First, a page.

Any quick search for XP customization books and you quickly see that there are several around the 1000 page mark and with high user markings. Given this, there is only so much you can expect from a book half that size. However, despite other people's opinion on the information covered in this book, if you are looking for a fun and faster read which does actually target the portions of the operating system that most home users would like to cover, this is a perfect choice.
The biggest appreciations I have for this title is that the word "hack" never appears, the customizations are not 100% dependent on shareware or freeware downloads, the user is not sheltered from the realities of configuring the OS, and the range of configuration varies from novice to advanced - keeping the reader from stagnating at a particular level.
To weigh in on the decision to purchase this title, consider that not only does the title give you the ability to alter your environment, the author has dedicated space to educate the reader on how to identify and troubleshoot problems - a skill really needed and a topic quite often skipped by other titles. The book also ties in with the authors web site, which makes mentioned downloads easily accessible to the user, adding value to the static text with dynamic content.
Although this title differs slightly in overall feel from previous "Annoyances" titles (advancements in the OS are bound to reduce the need), this stands on it's own and is a very good addition to your XP library.
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1 of 1 people found the following review helpful By Alberto Hernandez on May 13 2003
Format: Paperback
Personally, I find Windows very annoying sometimes. It seems to like to make me do things it's way. This book goes a long way to helping solve a lot of those issues. It's an invaluable reference.
Unfortunately, the author seems to have very strong opinions of the "right way" of doing things. I found it hard to read this book without feeling like he wanted me to do things his way. That doesn't seem any different than MS.. they just have different opinions on the right way to do things.
I'd much more enjoy the book if it simply told me how to make changes without the constant opinions on which changes are right or wrong.
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Format: Paperback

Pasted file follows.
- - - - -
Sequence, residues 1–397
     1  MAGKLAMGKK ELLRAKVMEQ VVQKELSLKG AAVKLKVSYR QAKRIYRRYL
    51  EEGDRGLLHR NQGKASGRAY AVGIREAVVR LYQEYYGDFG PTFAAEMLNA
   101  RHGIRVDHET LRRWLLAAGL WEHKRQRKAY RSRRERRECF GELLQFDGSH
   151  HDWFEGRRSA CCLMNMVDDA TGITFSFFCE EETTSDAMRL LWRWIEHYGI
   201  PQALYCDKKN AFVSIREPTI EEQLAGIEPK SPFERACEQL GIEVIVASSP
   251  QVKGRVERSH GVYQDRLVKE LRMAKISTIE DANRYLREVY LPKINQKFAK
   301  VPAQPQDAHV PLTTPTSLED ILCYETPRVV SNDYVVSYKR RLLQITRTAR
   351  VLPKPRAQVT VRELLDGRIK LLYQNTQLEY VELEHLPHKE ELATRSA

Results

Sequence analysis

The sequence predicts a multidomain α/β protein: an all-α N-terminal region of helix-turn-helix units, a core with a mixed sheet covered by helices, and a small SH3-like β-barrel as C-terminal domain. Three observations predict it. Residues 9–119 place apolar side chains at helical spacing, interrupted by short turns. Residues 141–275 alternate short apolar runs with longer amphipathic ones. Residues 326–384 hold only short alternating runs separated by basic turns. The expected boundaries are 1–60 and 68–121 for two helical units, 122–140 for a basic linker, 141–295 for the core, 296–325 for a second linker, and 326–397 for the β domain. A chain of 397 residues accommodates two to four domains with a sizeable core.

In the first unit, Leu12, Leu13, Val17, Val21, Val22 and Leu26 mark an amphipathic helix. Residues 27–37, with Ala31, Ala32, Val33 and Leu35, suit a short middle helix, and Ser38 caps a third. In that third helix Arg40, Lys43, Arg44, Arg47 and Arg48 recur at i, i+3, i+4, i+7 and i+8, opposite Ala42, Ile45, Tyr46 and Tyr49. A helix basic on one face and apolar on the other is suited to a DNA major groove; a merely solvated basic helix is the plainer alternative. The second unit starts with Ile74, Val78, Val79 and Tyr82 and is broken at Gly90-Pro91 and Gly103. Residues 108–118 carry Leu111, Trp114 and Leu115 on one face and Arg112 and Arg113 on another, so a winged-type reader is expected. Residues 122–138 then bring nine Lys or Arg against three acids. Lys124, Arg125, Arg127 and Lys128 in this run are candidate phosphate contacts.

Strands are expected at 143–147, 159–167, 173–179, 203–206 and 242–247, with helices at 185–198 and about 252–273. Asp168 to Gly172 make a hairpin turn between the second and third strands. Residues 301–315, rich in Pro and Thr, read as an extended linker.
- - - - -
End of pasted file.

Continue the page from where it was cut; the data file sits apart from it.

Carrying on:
Windows XP Annoyances takes you under the hook of Windows XP (both Pro and Home) to tweak the operating system in ways you may never have thought possible. The author dives into not only the simple hacks, such as disabling autoplay or speeding up the appearance of menus and changing display properties, but also goes into the Registry to show you tweaks for advanced items such as changing the memory used for I/O operations, and protecting file type associations from changing.
Though the book does have a habit of jumping around a bit, and there is no real clear organization of the topics, it is a good reference for those who really want to get into the OS itself and remove some of the "annoying" things (like the cute themes Microsoft has decided to push upon us). It's also a great reference for those who are attempting to setup home networks, or login to their computer remotely -- the author does more than tweak, he explains about these features that might otherwise be overlooked.
Overall, the book is a good buy for the advanced computer user. Beginners and casual users might be better off utilizing less powerful resources as this book can overwhelm if you do not understand the technical details of Windows XP.
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By J. Erb on Jan. 10 2003
Format: Paperback
I've put off using Windows XP as long as possible. I recently decided that I wanted to use it for the screen shots of my next book since it's in color and the palettes in XP look so much nicer. But it's driving me nuts! I hate the cutesy icons and the dumbed down feel. I have a copy of Windows XP Annoyances sitting right on my desk to help me overcome the many things that really do annoy me. I don't have time to read a tome on using Windows XP, so when I run into something I want to do I just grab this book.
As most O'Reilly book, it's easy to use because of its great indexing. I can normally find a topic within seconds, read it, fix it, and get back to work. I've been able to get rid of most of the cutesy stuff but not all of it. This book doesn't just cover the easy things either, it gets into networking and internetworking issues, working with and repairing the registry, lots of troubleshooting topics and scripting and automation.
Every Windows XP owner should also own this book.